Tag Archives: pedophilia

Link Dump: #17

Welcome to a new year at Pussy Goes Grrr! We’re celebrating with a kitty from The Great Mouse Detective, one of the most underrated items in the Disney catalog. As you may have noticed, posting has been scarce lately. As usual, it’s because of that curse called “real life”; Ashley is about to start a new semester, and I’m neck-deep in my horror-themed comps project. Therefore, dear reader, I’ve got a question for you: what do you want? What would you like to read more of? Comment below! Reader feedback is like sweet manna from heaven to us unpaid writers. And seriously, thank you for reading. You’re the reason this blog is here.

With that, let’s start another year of kitties and Link Dumps! We’ve got werewolves, sex, politics, and more:

  • Fun fact: while working in Mexican television, Guillermo del Toro directed and starred in an Alka Seltzer commercial. And it’s scary.
  • The Hathor Legacy has a post about the Bechdel test; it’s snarky and painfully true.
  • In the aftermath of #MooreandMe, Jaclyn Friedman clears up some myths about enthusiastic consent and how it’s like, you know, a good thing to get clear, expressed consent when having sex with someone.
  • A homophobic pastor who wanted to save children from the gays was also a pedophile?! I know, it’s shocking (and ironic).
  • You may have heard about a new edition of Huck Finn with the N-word removed; Jonathan Capehart of the Washington Post has this to say. Neil Gaiman adds this: “It’s public domain, so you can make Huck a Klingon if you want, but it’s not Mark Twain’s book.”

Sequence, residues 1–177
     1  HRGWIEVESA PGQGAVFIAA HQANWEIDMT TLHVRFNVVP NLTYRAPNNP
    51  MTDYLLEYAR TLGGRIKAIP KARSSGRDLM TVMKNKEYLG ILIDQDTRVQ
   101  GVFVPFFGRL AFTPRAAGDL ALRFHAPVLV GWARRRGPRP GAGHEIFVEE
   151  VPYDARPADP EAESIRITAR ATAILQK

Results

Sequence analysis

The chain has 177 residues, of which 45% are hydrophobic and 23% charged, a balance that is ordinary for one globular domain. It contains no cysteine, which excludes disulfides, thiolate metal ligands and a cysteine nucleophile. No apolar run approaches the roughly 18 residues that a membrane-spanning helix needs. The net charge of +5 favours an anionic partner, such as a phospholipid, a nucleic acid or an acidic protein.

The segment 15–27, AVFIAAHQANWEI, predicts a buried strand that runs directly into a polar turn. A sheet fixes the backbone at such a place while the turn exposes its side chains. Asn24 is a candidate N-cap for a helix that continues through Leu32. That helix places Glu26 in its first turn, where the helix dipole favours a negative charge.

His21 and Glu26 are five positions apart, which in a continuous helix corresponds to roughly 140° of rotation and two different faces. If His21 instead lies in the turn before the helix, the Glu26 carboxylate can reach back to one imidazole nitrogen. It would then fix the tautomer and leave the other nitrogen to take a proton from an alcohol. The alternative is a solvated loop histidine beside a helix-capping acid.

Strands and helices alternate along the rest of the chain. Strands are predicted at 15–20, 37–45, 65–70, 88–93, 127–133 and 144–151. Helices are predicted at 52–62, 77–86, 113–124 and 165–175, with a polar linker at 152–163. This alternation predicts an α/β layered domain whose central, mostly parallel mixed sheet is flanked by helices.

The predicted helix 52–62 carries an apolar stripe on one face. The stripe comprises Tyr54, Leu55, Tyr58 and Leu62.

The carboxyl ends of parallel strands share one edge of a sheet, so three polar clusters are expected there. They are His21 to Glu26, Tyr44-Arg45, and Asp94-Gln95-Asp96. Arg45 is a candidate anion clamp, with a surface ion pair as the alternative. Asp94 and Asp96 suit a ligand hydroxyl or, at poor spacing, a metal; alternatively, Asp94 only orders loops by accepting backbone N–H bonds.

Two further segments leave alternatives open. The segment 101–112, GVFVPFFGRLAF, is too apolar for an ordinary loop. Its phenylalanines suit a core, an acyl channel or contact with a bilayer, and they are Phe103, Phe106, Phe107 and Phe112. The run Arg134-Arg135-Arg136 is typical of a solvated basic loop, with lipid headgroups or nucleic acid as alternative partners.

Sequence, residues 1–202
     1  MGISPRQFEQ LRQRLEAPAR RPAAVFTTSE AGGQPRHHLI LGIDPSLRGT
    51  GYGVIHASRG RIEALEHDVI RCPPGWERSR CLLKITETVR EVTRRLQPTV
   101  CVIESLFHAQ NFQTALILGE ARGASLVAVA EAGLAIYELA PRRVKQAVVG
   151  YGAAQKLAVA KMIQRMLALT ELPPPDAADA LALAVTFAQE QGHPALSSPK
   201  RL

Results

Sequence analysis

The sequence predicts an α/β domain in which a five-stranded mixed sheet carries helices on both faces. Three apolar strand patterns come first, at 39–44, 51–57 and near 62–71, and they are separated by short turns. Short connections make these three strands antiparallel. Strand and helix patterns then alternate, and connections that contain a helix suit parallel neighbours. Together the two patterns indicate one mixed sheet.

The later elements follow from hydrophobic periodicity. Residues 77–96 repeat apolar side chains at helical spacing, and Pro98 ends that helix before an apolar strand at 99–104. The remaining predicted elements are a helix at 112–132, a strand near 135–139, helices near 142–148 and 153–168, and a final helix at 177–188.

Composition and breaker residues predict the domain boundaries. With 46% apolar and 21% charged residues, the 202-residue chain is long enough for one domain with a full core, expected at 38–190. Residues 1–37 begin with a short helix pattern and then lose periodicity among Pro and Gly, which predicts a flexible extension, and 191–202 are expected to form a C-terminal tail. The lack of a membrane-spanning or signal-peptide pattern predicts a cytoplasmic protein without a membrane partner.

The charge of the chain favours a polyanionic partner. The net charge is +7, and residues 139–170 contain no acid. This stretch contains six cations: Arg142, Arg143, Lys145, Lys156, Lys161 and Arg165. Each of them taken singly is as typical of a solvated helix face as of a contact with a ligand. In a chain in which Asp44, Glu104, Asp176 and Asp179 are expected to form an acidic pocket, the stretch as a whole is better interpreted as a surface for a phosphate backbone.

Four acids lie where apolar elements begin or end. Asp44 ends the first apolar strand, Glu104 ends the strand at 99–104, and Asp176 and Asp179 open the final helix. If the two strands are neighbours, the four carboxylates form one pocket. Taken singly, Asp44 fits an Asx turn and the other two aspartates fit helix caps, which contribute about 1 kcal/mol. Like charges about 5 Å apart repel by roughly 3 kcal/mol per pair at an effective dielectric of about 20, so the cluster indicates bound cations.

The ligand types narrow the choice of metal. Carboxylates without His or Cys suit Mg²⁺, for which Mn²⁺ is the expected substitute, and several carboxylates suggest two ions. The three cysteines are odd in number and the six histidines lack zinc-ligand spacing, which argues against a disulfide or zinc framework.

• According to the wacky, math-loving fundamentalists at ebiblefellowship.com, the world’s going to end on October 21! Good to know.
  • Self-promotion time! So: I wrote a graphic novella, which was drawn by a talented team of collaborators. It’s called Spring Lake Massacre. You can read it online and, soon, buy physical copies. I’ll probably be plugging this a lot more in the future.

For this week’s weird/creepy search terms, we have the very accurate “maggots scare the hell out of me.” Yes, maggots do indeed scare the hell out of me. Especially all those maggots in Lucio Fulci’s City of the Living Dead. From the “Incredibly Specific, but Unrelated to This Blog” files, we’ve got “tightly woven wicker paper plate holders.” Yes, those exist. No, we do not have them. Somebody searched for “blow up fanny videos,” which really can’t mean anything good, and finally, we’ve got the very blunt “fuck i don’t know.” I think we can all sympathize with that one.


Filed under art, Cinema, Feminism, Literature, Meta, Personal, Politics, Sexuality

This Ain’t No Party

Todd Solondz’s latest film, Life During Wartime (2010), feels more like a shaggy dog story or a postscript than a full-fledged movie. (The same could probably be said for his last effort, Palindromes [2004].) That doesn’t mean it’s a bad movie, but it’s still disappointing, as it dollops out hints of Solondz’s genius for awkward, sometimes icky black comedy without ever giving the audience a full serving. It also has the disadvantage of sitting in the shadow of Solondz’s controversial and razor-sharp Happiness (1998), as it revisits the same traumatized sisters and their families years later. Since it’s about the fallout of the earlier film’s events, it’s understandable that Life During Wartime would be more somber and pensive, but it’s also soppy and aimless. Which sucks, because I love Solondz’s stuff.

In Life During Wartime, the jittery pedophile psychiatrist once played by Dylan Baker has become a ghostlike ex-con played by CiarĂ¡n Hinds. Philip Seymour Hoffman’s phone-abusing sex addict is now a tearful Michael Kenneth Williams, Lara Flynn Boyle’s narcissistic go-getter is now a distraught Ally Sheedy, and so forth for the rest of Happiness‘s unhappy ensemble. Recasting every character might seem gimmicky, but fear not; it pays off, if with wildly varying returns. The most rewarding of the newcomers is probably the least expected: Paul Reubens (yes, Pee-Wee Herman) replacing Jon Lovitz as Andy, the nerdy loser who commits suicide after being romantically rejected.